A nutrient cycle is nature's way of ensuring life can carry on on this closed system some people call spaceship earth. Biogeochemical cycles are complex ways that chemical elements and compounds move between various spheres such as the atmosphere, the soils or lithosphere, living organisms or the biosphere and oceans, lakes etc. or the hydrosphere.
In the 17th century Antoine Lavoisier and his wife Marie Anne conducted a number of experiments that proved matter can neither be created nor destroyed and that nature is essentially a closed system.
The Lavoisiers' research was among the first quantitative chemistry experiments. They carefully weighed the materials or reactants they started with and the end products in chemical reactions. They showed that, while matter changes its state in a chemical reaction, the total mass of matter is the same at the end as at the beginning of each chemical change. These experiments supported the law of conservation of mass, which Lavoisier was the first to state clearly,
The natural extrapolation of the Law of Conservation of Mass is that nature is a closed system. In essence this means that all the elements we rely on to support life on the planet are here and have been here since the Big Bang. There isn't any more being shipped to the planet - with the exception of the odd meteor or UFO that crashes here.
In order for life to continue, each cycle must remain in motion. Once a living thing has finished using a nutrient and either excretes it or drops dead, the nutrient must cycle back for some other living thing to use it.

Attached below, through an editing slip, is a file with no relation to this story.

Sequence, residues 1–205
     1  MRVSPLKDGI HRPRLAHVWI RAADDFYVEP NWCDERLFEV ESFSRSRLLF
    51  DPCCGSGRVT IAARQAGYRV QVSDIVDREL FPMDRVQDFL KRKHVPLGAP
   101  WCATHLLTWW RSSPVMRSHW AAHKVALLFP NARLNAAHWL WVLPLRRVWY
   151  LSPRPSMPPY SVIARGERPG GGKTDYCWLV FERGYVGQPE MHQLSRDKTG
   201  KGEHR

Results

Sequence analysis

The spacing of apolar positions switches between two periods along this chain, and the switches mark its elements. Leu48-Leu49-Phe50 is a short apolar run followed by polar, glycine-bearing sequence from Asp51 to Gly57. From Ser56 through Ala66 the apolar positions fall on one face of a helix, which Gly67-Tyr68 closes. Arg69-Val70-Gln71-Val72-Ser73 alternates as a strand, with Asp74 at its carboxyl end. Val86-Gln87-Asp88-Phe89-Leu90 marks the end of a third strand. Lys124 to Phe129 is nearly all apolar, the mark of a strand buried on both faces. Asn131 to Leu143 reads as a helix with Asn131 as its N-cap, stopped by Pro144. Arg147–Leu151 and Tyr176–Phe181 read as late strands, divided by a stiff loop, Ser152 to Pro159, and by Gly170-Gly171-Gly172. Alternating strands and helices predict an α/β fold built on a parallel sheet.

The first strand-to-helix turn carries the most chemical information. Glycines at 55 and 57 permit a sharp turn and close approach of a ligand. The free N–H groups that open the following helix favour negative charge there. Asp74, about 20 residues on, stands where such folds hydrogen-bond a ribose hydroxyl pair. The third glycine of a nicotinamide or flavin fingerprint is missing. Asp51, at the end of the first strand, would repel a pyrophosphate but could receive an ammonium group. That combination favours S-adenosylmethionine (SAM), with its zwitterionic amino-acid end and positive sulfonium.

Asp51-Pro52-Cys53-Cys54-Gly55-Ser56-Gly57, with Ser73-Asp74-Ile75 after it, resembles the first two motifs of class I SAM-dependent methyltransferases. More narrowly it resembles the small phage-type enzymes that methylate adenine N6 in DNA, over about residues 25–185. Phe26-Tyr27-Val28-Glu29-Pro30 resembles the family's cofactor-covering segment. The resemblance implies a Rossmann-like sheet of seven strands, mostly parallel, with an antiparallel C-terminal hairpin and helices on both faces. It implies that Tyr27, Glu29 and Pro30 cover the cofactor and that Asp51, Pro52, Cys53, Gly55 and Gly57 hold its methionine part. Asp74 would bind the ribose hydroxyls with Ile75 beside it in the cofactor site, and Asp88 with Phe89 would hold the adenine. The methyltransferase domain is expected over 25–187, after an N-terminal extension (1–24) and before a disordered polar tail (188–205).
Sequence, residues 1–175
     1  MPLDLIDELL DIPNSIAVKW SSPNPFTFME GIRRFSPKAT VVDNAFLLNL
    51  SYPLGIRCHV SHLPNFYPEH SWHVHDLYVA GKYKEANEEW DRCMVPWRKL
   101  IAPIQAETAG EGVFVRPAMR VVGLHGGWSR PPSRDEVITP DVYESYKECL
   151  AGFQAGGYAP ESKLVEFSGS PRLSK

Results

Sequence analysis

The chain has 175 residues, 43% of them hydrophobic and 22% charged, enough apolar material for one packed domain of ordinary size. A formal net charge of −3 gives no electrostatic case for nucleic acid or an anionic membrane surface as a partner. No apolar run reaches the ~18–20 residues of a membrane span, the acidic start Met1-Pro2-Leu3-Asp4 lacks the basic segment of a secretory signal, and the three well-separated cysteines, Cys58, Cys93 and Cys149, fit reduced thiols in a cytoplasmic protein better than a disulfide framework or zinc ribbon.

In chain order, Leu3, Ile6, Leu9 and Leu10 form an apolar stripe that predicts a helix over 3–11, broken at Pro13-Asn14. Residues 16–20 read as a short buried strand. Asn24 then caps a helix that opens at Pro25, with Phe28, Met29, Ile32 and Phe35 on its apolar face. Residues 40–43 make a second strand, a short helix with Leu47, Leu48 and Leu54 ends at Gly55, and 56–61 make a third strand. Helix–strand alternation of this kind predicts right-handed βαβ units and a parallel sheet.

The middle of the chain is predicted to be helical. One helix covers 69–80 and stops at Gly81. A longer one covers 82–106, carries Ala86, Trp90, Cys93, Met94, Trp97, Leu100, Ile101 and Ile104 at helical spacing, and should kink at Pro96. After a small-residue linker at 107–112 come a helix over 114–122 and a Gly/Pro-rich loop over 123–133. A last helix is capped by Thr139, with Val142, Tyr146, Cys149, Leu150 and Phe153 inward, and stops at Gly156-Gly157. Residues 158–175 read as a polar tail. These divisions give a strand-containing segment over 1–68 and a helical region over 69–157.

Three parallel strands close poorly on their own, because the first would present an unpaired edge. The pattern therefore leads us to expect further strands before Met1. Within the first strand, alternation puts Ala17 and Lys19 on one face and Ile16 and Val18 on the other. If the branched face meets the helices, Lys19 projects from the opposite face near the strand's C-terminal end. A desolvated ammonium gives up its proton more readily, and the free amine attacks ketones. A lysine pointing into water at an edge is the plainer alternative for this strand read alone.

About 95% of the total mass of all living things are made up of these six elements: hydrogen, oxygen, carbon, nitrogen, phosphorus and sulfur. The nutrient cycles work to keep these elements in circulation. A cool way to look at it is that you are borrowing the molecules that make up your body. When you're done you have to give them back.
The water cycle is mostly responsible for the movement of hydrogen and oxygen. Each of the other four elements have their own cycle: the carbon cycle, the sulfur cycle, the phosphorus cycle and the nitrogen cycle. Each cycle has a complex variety of pathways it can take to keep the nutrient moving through the system.
Each biogeochemical cycle is of course very important, but for us, as gardeners and composters, the Nitrogen cycle and Phosphorus cycle are the most critical. This is because the most common limiting factors for growth are inadequate nitrogen in a plant usable form, and inaccessible phosphorus.
If you look at the way we've been throwing things out in recent years you can see that we are interrupting the nutrient cycles. We throw garbage, which is naturally full of molecules, into plastic bags and then bury the bags in sanitary landfills. This takes those molecules out of the nutrient cycle indefinitely.
Composting as much as possible keeps those important nutrients in circulation. It serves to enhance the nutrient or biogeochemical cycle rather than starving it. Yet another reason to compost from the big picture viewpoint.